The J-10 and the Rafale can both be termed 4.5-generation multi-role fighter jets that, on some counts, have similar performance and capabilities. However, the Rafale has a clear edge over the J-10 in terms of technology, weapons, aero-engines, and combat experience.

The Rafale also has one of the best electronic warfare suites. It can have a supercruise with four missiles and a 1250-liter belly drop tank. The technical parameters of the two are tabulated in the table below.

Rafale J-10 CE
Country France China
Length (meters) 15.27 16.03
Wing Span (metres) 10.90 9.75
Empty weight (kg) 9,850 8,850
Max Take-Off Weight (kg) 24,500 19,277
Hard Points and Payload 14 (9,500 kg) 11 (5,600 kg)
Range (km) 3,700 1,850
Engine and Thrust 2xSnecma M88-4e (150 kN) Shenyang WS-10 (140kN)
Radar RBE2 AESA Chinese AESA,
AAM (Range) Meteor (200 km) PL-15 (200 km)

PL-12 (70-100 km)


The Rafale has 20 percent greater thrust for just 11 percent higher weight than the J-10C and, therefore, a better thrust/weight ratio. The Snecma M88 is a tried-and-tested aero engine, while the WS-10 reportedly matured enough only after 2009 and is still evolving.

The Rafale has been used in combat operations in Mali, Afghanistan, Libya, Iraq, and Syria. The J-10 has, at best, only done joint exercises with Pakistan.

Pakistan Needs Replacements

Pakistan continues to fly F-7PG (MiG-21 variant), Dassault Mirage III aircraft of ROSE I project vintage, Mirage 5 ROSE II, Mirage IIIEA, and Mirage 5PA.

These seven squadron equivalents are due for phasing out. Effectively, they will be required to replace nearly 250 aircraft in the next decade. The current plan of PAF is to reduce the force to three types. F-16, J-10CE, and JF-17.

They will add a fifth-generation fighter aircraft of Turkish (Kaan) or Chinese (J-31) origin by around 2030. There have been reports that PAF has been interested in KJ-500 AEW&C and Y-8 electronic warfare aircraft.

Acquiring Hongdu L-15 Falcon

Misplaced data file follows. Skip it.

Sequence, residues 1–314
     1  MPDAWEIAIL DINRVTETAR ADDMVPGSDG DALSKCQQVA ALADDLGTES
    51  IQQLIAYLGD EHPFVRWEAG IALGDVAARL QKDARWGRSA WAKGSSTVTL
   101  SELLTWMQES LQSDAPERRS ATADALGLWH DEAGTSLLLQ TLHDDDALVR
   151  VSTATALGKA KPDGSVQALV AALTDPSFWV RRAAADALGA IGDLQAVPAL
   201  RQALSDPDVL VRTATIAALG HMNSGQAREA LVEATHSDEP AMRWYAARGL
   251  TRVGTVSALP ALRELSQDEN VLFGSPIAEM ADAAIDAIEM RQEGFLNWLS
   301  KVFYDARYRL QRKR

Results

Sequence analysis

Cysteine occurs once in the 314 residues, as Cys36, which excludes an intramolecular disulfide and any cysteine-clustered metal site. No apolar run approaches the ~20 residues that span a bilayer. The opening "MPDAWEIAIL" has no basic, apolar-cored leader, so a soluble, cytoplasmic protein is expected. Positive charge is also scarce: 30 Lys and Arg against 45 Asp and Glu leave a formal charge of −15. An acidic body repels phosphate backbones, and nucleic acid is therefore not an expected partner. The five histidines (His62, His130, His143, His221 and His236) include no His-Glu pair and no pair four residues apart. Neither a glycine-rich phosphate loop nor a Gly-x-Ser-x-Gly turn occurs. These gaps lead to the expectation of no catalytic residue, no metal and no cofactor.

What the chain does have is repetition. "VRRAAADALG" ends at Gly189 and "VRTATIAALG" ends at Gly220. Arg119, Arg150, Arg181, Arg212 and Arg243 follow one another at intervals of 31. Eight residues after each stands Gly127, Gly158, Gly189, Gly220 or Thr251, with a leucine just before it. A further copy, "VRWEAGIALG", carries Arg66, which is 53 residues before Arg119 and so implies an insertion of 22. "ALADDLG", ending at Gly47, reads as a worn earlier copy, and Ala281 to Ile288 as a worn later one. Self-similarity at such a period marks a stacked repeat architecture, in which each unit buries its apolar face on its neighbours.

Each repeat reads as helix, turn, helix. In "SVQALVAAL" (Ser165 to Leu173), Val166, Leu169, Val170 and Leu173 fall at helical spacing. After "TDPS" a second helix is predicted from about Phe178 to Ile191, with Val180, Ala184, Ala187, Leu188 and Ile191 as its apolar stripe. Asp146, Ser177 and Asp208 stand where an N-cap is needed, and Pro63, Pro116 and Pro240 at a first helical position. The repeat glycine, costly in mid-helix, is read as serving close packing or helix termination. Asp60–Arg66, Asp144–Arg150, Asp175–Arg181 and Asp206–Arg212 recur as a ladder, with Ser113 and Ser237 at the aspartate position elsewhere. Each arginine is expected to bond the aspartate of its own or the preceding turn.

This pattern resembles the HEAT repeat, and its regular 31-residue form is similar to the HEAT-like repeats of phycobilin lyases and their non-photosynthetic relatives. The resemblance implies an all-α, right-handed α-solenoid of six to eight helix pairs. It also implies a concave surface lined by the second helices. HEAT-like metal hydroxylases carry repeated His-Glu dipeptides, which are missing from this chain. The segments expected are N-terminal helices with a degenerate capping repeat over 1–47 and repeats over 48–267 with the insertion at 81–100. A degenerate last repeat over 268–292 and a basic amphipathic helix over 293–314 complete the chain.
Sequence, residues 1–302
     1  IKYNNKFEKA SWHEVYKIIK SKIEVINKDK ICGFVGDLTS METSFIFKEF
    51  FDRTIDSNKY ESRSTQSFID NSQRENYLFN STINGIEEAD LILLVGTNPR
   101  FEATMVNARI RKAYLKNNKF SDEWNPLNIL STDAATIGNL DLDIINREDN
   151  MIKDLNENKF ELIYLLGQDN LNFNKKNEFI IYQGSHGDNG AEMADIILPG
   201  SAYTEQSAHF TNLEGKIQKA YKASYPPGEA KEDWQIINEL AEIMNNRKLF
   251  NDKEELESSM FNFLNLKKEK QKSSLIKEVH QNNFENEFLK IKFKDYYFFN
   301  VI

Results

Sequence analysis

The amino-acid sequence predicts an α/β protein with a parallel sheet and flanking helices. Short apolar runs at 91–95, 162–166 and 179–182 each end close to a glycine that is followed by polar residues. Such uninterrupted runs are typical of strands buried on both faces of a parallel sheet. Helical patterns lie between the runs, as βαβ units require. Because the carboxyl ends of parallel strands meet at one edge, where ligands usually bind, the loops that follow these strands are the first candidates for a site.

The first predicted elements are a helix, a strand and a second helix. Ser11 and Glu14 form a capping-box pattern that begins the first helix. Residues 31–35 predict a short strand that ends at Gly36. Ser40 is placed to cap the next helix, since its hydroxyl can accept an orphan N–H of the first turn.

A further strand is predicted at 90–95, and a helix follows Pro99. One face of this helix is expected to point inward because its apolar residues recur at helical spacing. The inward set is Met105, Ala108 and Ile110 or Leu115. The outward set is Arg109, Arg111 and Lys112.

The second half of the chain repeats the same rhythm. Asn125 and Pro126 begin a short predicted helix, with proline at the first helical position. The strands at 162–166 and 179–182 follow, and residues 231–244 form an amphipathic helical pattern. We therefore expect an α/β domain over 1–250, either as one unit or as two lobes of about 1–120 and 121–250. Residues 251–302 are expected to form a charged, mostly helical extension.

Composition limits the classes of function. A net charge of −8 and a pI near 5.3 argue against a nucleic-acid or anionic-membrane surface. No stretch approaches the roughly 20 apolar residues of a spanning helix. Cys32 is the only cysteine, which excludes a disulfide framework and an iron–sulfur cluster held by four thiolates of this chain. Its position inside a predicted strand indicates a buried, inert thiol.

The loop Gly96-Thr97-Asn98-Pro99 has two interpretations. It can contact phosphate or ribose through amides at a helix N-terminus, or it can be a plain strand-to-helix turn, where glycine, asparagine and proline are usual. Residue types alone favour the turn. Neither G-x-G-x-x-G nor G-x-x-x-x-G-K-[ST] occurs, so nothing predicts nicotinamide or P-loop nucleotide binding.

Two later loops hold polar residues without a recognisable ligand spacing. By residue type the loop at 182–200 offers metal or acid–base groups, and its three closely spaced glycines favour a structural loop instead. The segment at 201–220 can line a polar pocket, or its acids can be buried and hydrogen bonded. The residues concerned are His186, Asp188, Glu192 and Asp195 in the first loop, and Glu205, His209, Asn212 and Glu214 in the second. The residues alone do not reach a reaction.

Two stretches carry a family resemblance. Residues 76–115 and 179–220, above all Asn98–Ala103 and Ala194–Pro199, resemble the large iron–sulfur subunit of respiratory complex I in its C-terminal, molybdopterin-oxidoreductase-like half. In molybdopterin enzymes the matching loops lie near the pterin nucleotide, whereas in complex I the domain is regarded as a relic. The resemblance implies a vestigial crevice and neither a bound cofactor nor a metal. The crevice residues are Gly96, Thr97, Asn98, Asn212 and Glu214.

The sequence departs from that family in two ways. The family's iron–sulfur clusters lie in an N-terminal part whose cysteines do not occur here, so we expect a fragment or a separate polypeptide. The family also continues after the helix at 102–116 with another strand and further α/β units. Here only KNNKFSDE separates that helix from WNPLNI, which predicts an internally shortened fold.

The Hongdu L-15 Falcon (JL-10) is a twin-engine, supersonic, advanced jet trainer and light combat aircraft already in service in the PLA Air Force (PLAAF). It uses fly-by-wire (FBW) and has a glass cockpit.

Pakistan is negotiating to acquire this lead-in fighter-trainer (LIFT). The aircraft was built based on the design data of Yak 130, and China was assisted by Russia’s Yakovlev Experimental Design Bureau.

The aircraft has a Passive Electronically Scanned Array (PESA) radar, a Radar Warning Receiver (RWR), and an IFF. It can also carry jamming pods and four tons of weapons loaded on nine external hard points.

The LIFT variant can carry a range of weaponry, including the PL-8 air-to-air missile (AAM) and LS-6 satellite-guided bombs. Since China does not have an appropriate aero-engine, therefore Ukrainian Ivchenko Progress AI-222K turbofan powers the L-15.

Pakistan is interested in acquiring the light attack version. So far, Zambia and UAE have purchased the aircraft. The aircraft is considered cheap, and the cost is between $10-15 million.

JF-17C Pakistan
File Image: JF-17C Pakistan

Pakistan All Eggs In Chinese Basket

China has emerged as a major defense supplier to debt-ridden Pakistan. The linkage is most powerful in military aviation.

Starting 1965, China supplied PAF with China-made Russian variants of MiG-19 and MiG-21 and the Harbin H-5 (Ilyushin IL-28). China helped establish ‘Heavy Industries’ at Taxila in 1971 for equipment rebuilding and, in 1973, the Pakistan Aeronautical Complex at Kamra North of Islamabad.

In 2007, as part of a joint project, China rolled out a ‘designed for Pakistan’ Fighter, the JF-17 ‘Thunder.’ The costs were kept low by borrowing technologies developed for the Chinese J-10 fighter. The aircraft can carry a variety of Chinese AAMs, including the formidable PL-15. Currently, PAF has 150 of these, and the strength is likely to increase to over 200 one day.